Earlier this year, SCSJ filed on behalf of the Southernside Neighborhoods in Action and two individuals a complaint under Title VI of the Civil Rights Act of 1964 against the South Carolina Department of Transportation. In the complaint, we alleged that residents of the Southernside neighborhood, an economically disadvantaged community of color, were excluded from the decision-making process behind demolition of a pedestrian bridge that connected the community to the adjacent town. The Hampton Avenue Bridge allowed easier access to a grocery store and pharmacy, among many other benefits. While the Hampton Avenue Bridge was allegedly demolished due to age and disrepair, SCSJ found that old bridges that served more affluent communities were not demolished, and that its demolition had a disparate negative impact on the poor residents of color in the neighborhood—a protected group under Title VI.
This summer, the Federal Highway Administration, the federal agency with whom we filed the Title VI complaint, opened an investigation into the case, which was the first big win for SCSJ’s clients.
Yesterday, two federal investigators were onsite examining where the demolished bridge was, and what the alternative was that SC DOT suggested (a 6-lane highway bridge that adds 1.5 miles to the trip, one-way). We first took the investigators on that 1.5 mile walk. We explained to them that now that the pedestrian bridge is gone, people either have to walk very far out of the way on a very busy highway (at least 4 people have been injured in recent years using the 6-lane road for pedestrian crossing) or people illegally and dangerously cross the railroad under where the pedestrian bridge used to be because it’s just too hard/dangerous to walk across the major highway bridge.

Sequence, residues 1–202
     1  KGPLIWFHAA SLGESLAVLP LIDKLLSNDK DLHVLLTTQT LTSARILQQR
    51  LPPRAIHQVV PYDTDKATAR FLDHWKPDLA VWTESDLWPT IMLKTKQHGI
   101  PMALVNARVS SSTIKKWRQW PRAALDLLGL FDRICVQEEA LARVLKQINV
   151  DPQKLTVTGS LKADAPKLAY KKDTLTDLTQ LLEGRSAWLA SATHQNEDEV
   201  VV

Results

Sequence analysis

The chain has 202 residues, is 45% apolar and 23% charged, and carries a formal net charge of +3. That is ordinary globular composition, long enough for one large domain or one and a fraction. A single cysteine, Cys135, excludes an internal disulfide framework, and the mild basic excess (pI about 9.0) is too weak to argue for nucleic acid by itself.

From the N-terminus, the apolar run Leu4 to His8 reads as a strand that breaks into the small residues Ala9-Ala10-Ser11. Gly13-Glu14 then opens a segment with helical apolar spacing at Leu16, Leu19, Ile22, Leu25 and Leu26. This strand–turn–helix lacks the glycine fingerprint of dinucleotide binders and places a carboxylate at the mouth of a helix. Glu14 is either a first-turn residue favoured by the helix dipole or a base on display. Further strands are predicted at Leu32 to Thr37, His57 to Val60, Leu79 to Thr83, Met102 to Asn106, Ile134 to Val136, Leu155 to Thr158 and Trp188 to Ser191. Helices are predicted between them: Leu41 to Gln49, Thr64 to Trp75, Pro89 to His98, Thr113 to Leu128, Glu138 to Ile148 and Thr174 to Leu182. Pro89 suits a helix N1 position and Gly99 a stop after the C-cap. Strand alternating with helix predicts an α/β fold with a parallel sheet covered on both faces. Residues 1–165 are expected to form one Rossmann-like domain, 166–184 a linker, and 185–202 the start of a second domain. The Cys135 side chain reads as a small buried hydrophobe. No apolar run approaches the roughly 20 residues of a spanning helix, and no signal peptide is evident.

After the walking tour, we had small group meetings with the investigators. The first was with state legislators. The second was with local elected officials. The third was with “technical assistance folks”—folks who work with the city/county/local universities who had been supporting the Southernside neighborhood group in trying to keep the bridge. These folks had all provided data that should have convinced SC DOT not to demolish the bridge, but SC DOT never meaningfully engaged with any of the data offered by the community.
Finally, we had a big public forum at a church right across the street from the demolished bridge where community residents were given an opportunity to speak—the chance that SC DOT never gave them during the decision-making process. Approximately 75 community members were in attendance. There had been a big rally and walk Sunday night to drum up attention for the investigators coming on Monday. 103 people attended that Sunday night event, and about half of them walked the 1.5 mile “alternate route.”
At the public forum, folks got to share the effect of the demolished bridge and the further isolation and “choking” of this community.
SCSJ will continue to post updates as the Southernside Environmental Justice case moves forward.
Post by SCSJ staff attorney Allison Riggs on September 10, 2013